Light, and Shade, and Curving Line

THOUGH I do not know where or when I read it, the fact is in my mind that in ancient times, when paper in China was at a premium, an artist spent days studying the simplest form, bringing his mental image to perfection, before risking the transfer to precious paper. The sweep of a bamboo shoot could be an object of study for days. Chinese art testifies to the resulting poem of light, and shade, and curving line.

A short time ago I cut myself off from that confusing part of present-day civilization which is temporary, the backwash of progress which jumbles one’s days into a confusion too complicated to be effective. As a result I ultimately found myself in a log cabin in the heart of the Great Smoky Mountains. The days stretched timelessly ahead like so many sheets of untouched paper. It was my privilege to fill them with light, and shade, and curving line.

The danger of marring these sheets lay in too much haste and too little contemplation. Moderation, and the slowness that breeds contemplation, are parts of an art of living which does not come easily or naturally to those conditioned in adolescence by the speed of war and boom years. I do not know what institution, or combination of institutions, is to blame for instilling in the modern mind a guilty fear of being caught moving slowly, but the fear is there. It must be overcome before there can rise up to fill its place a love for simple things that grow slowly.

‘If,’ said I to myself, ‘a man can spend days in the study of a bamboo shoot, why should I be above spending a similar period of time wondering over a blade of grass on a mountain side, its light, and shade, and curving line?’ But, valuable as leisure and contemplation may be, they are dependent upon certain natural laws that cannot be denied — and one of them is the commonplace necessity for food. In the case of a poor farmer, no garden, no food. ‘So,’ said I to myself, ‘you had better start your studies of simplicity through contemplation of a hoe.’ I did; and I am not yet ready to paint even a small finished picture from the truths and half-truths discovered.

I might have leaned the hoe up against the wall of the ‘blow-hard,’ seated myself comfortably upon a cushion, and meditated for hours upon the beauty of its cylindrical handle, the changes of light and shadow upon its polished surface as the sun circled from east to west, the hardness of its steel blade, the constantly moving atoms making up that steel, the source of the power tapped by man’s mind which enabled him to know the preparation and uses of that metal. Yes, I might have done so, but I did not. I eliminated the cushion and the wall. I did my contemplating upright on my two feet in the hot sun, the hoe handle leaning against the calluses on my palms.

The results of a study of simplicity are paradoxically complicated. That hoe has led me into surprising mazes of conjecture. I shall be glad in a way when the gardening season is over and the leisure of winter months gives me the time to sit in front of the fireplace and think, to wonder about the names of worms and bugs turned up by the blade of my hoe, their origin and their use or uselessness; the weeds cut down and the fruitful plants spared; stones, dirt, plant life, and the law of the interrelation of matter; the effects of summer sun upon the human body (especially the human body wielding a hoe with a steady chop, chop along the rows, up and down, up and down, in the dust and the sun). . . . And contemplation of the sun leads one to contemplation of the source of all energy.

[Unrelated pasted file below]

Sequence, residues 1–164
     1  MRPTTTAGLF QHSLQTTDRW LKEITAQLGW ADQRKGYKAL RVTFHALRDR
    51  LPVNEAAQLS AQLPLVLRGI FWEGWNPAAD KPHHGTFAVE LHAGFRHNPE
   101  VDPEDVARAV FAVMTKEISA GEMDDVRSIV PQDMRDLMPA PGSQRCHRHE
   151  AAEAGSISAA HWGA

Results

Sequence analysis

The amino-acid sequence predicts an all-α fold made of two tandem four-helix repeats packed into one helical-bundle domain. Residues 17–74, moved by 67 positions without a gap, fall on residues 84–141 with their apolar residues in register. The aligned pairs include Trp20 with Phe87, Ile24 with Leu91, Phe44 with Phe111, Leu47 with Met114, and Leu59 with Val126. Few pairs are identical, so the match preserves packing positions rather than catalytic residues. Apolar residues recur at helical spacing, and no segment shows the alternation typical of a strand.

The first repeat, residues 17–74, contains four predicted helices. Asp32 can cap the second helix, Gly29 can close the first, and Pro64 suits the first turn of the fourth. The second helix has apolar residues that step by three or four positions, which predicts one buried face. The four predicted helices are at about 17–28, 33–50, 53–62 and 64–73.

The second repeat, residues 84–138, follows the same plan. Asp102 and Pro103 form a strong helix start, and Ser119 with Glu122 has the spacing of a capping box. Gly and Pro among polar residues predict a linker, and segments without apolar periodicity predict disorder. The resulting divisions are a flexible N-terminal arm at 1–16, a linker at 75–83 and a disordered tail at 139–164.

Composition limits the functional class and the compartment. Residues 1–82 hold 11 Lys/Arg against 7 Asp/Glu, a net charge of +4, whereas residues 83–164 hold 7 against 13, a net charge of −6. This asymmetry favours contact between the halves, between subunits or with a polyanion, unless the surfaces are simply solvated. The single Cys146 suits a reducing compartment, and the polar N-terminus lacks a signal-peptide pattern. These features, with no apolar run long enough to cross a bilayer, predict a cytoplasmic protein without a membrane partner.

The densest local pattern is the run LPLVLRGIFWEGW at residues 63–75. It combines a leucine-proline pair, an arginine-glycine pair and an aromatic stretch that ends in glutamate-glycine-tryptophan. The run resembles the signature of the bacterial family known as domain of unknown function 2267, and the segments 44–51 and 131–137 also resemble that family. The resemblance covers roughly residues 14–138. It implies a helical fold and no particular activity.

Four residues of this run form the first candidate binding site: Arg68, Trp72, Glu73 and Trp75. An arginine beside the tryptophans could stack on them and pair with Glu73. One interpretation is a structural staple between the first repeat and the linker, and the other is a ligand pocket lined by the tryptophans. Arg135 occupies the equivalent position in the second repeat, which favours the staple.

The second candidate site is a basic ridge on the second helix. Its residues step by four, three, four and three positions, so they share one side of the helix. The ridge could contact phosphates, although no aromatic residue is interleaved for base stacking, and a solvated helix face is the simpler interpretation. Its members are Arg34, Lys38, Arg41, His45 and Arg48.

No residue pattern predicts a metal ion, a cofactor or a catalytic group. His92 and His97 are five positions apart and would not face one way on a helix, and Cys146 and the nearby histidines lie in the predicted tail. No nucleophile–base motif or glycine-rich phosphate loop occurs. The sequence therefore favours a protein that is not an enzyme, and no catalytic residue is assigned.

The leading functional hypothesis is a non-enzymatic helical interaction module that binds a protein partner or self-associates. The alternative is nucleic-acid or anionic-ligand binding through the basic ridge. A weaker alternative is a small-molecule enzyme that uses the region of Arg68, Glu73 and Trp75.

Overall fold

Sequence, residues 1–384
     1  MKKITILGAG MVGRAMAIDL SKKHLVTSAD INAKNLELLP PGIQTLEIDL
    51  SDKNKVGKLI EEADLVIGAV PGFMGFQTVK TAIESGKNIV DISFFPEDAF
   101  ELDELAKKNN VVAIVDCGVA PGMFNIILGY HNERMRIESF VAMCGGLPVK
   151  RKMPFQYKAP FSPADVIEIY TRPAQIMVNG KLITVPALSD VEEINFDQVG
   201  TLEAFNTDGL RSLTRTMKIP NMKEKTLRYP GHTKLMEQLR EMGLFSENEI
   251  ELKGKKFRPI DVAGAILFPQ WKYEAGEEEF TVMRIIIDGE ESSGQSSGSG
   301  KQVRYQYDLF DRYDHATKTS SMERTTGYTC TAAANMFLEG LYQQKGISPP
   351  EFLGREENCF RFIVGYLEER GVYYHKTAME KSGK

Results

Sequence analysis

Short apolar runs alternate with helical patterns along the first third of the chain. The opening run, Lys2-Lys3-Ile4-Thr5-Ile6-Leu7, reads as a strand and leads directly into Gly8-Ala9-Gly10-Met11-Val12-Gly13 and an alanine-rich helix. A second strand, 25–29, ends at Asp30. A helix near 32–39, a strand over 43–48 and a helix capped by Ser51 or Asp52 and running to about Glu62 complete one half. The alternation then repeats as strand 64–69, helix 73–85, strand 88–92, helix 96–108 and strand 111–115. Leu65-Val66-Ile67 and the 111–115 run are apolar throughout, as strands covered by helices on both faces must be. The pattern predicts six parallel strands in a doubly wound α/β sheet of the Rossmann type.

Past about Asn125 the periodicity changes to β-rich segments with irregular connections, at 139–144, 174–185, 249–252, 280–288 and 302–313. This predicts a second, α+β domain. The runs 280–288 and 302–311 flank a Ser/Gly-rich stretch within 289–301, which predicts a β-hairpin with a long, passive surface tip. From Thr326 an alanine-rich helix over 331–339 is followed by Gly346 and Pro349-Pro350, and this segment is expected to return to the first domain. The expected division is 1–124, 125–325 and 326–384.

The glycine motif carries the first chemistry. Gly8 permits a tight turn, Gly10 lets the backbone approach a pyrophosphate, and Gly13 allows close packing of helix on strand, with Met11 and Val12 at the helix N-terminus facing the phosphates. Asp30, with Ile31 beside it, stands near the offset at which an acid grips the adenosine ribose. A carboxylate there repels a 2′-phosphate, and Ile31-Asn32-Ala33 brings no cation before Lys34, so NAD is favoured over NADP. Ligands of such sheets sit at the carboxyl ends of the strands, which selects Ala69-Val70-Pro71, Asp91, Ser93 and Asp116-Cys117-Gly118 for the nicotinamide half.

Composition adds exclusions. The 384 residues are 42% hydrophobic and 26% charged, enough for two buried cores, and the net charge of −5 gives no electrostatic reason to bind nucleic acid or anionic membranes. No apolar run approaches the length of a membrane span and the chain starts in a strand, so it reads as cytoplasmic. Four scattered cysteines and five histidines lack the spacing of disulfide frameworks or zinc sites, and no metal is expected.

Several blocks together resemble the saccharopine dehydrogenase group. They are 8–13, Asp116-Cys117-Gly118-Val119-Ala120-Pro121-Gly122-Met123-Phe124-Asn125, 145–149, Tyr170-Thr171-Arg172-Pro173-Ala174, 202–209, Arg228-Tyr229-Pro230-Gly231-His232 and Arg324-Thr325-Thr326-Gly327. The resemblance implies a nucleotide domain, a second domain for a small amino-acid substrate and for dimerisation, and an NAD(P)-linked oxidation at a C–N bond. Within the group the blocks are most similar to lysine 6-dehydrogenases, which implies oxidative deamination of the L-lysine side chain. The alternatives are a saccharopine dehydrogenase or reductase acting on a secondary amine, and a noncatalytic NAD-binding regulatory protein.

The possibilities of that hoe will yet be my despair! The challenges it has dug up may yet send me back to cities in search of refuge in the dulling effects of motor civilization, the pleasant coma induced by noise and carbon monoxide.

It is now two months since I evolved my ‘ blade of grass ’ theory, and as yet I have in my mind no definite picture of light, and shade, and curving line. ‘But,’ I caution myself, ‘you must not hurry. Time is only relative.’ So I have figured it out this way: I shall save those untouched sheets, by some considered wasted, and join them to form one long white stretch. If it is true — and I have every reason to believe it — that farmers live long, it will be a very long white strip stretching through the years. It will not be cluttered with records of the simple events which fill the days and years, such as the number of inches of rainfall in 1942, the number of times I have fed and watered the chickens over a period of fifty years, the days of drought when crops went limp and springs went dry, the ways in which we raised money to meet taxes, the alternate loss or accumulation of material possessions through right or error, the shooting of a neighbor (not by us, let it be understood, but by another neighbor), the animals we have nursed through sickness or accident to health, the growth of the walnut tree in the side yard. No, that would not be consistent with the original theory. In the medley of simple tasks brimming the days there must be somewhere concealed the light, and shade, and curve of line necessary for the drawing of one bold simple picture the length of the long white strip.

It may have to do with an understanding of the source of energy which makes it necessary to carry a hoe up and down a dusty row that fruit may grow, instead of leaning it against the blow-hard wall. It very easily might.